Last Sunday was a pretty surreal day revolving around fire, both past and present, as I watched the Howe Ridge fire blow up from the Sperry trail (burned last year). Topped it off with a rescue and evacuation. It was one hell of a way to kick off Glacier National Park’s fire season. This is a very long story, but guys, it was a very long day.

Sunday. August 12. 2018.

The Pack

On my last pack to Sperry, I ripped part of the heel off my boot tripping over a stray piece of baling twine in the dark, so I’m in a spare pair that are too big for me. We catch the mules before dawn at my bosses’ house outside The Park. Then we drive the Going-to-the-Sun Road along the southern shore of Lake McDonald to get to the corral and Sperry trailhead.

As soon as we pull the trailer in, the wranglers at the corral came up to us and ask, “Did you see the fire?”

While the corral has no view of the lake, the wrangler’s bunkhouse across the road sits right on the shore. They watched a fire sprout up directly across from them last night. The corral manager, Jessica, tells us that the fire was caused by a lightning strike and that Park Service had called this morning with an update saying the goal was total suppression, the fire was small, no big deal. It’s burning an area of new growth; this same ridge was part of the 2003 fire season.

Mike, from the chalet, drops off the gear to send up. We load up our stock as usual, and I’m much more confident with lifting the 100-pound propane tanks than I was the last pack. We sneak our pack string out ahead of the trail riders that were still having horses assigned to them and stirrups adjusted.

The Sperry trail is steep. In the first section, it’s wide but instead of true switchbacks, which reduce the grade, I would describe it more as a serpentine. In only about 10 minutes- that’s what, a half mile?- we start to see the affects of last year’s Sprague Creek fire. The green and gray of the cedar forest gives way to blackened logs and brown needles. The forest floor, normally covered in ferns and such, turns to ash and rock and purple fireweed. After a bit of climbing the trail, we could look over our shoulder and see the small plume of smoke across the lake of this fresh Howe ridge fire.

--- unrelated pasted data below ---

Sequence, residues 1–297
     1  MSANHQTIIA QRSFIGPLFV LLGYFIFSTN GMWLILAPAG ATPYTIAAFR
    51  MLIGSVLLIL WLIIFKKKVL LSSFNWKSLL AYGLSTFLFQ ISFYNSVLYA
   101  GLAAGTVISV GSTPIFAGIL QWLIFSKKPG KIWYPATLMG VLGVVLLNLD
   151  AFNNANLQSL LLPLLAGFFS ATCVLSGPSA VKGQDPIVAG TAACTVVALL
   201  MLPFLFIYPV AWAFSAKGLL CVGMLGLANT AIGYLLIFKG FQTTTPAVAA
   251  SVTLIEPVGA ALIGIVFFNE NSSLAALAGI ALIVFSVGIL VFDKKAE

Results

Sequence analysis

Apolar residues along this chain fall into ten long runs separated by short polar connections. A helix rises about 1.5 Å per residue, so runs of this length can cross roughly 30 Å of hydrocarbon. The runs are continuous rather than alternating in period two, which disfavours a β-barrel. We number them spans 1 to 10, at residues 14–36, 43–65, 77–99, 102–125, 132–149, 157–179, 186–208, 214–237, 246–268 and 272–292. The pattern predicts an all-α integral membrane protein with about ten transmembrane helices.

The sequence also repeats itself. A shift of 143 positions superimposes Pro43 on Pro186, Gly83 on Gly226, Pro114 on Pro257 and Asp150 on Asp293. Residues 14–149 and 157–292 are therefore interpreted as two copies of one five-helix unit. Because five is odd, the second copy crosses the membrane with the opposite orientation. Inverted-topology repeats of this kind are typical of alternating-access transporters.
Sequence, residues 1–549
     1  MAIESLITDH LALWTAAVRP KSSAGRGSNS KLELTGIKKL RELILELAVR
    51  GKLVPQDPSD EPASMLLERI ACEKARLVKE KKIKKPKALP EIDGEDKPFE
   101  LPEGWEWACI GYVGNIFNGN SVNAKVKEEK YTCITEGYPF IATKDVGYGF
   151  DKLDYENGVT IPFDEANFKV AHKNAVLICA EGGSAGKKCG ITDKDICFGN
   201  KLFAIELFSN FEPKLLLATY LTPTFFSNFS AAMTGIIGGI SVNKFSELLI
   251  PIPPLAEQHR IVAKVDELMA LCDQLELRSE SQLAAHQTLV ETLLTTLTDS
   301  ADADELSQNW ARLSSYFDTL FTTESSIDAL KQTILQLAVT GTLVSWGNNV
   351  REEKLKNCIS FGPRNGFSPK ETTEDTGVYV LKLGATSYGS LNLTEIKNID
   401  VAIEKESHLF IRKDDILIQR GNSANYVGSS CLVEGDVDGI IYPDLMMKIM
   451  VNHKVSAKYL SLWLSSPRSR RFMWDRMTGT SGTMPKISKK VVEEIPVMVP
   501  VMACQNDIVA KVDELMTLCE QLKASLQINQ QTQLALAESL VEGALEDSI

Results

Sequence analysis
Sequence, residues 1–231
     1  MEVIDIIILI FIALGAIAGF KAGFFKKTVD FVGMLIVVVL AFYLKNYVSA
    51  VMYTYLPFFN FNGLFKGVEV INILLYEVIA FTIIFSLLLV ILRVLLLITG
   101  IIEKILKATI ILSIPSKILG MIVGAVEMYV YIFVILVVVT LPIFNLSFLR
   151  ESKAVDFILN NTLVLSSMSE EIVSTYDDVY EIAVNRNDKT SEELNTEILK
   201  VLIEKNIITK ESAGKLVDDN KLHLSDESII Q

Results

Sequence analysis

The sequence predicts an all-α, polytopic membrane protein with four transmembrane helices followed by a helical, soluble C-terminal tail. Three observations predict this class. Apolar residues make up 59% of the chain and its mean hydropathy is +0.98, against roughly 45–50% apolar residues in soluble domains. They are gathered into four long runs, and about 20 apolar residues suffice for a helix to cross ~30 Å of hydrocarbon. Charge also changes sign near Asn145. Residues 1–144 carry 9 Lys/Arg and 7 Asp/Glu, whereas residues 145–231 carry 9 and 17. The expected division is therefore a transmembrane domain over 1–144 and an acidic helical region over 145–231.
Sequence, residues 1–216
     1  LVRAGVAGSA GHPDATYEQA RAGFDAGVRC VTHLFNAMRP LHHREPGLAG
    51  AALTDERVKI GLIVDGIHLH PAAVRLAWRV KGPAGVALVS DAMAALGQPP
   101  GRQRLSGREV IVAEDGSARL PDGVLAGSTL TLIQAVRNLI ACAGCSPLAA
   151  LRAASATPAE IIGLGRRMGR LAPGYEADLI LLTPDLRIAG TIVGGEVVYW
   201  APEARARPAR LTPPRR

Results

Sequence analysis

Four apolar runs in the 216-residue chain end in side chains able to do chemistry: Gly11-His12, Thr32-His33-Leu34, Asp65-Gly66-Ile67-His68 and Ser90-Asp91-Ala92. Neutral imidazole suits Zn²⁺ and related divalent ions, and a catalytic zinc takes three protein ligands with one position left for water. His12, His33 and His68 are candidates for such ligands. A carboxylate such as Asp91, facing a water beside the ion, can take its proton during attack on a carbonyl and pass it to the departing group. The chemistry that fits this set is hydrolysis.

We splash through Crystal Ford and there is some relief in the grade and the trail flattens a bit. Here there is some greenery mixed in to the burned areas. Fires don’t always cut a clear swath of devastation. They often leave a mosaic pattern, with some areas un-touched and some areas burning hotter and more intense.

Eventually though, the real switchbacks begin, and we are back in the scorched earth. The trail still carries the faint smell of a recent campfire. That combined with all the smoke blowing in from other fires in western states, and this new plume of smoke across the lake, means by this point in the ride my nose is accustomed to the smell of fire. But a new, sharper smell reaches me. I look down the hillside several switchbacks below to the group of hikers we had last passed and I realize that one of them is smoking a cigarette.

The chalet is made of the same stone as the mountain, so it blends in well to the ledge it sits on However, the orange plastic fencing indicating a construction zone stands out well from afar. A half mile or less from the chalet, we cross another creek. Here, you wouldn’t even know there was a fire. Just a beautiful alpine scene. Approaching the chalet, many trees are untouched by fire so it’s strange to see the skeleton of the burned chalet building. The construction workers, in their neon shirts and dirty jeans, look out of place amongst the day hikers. Everybody gravitates towards the dining hall though. They serve Lemonade!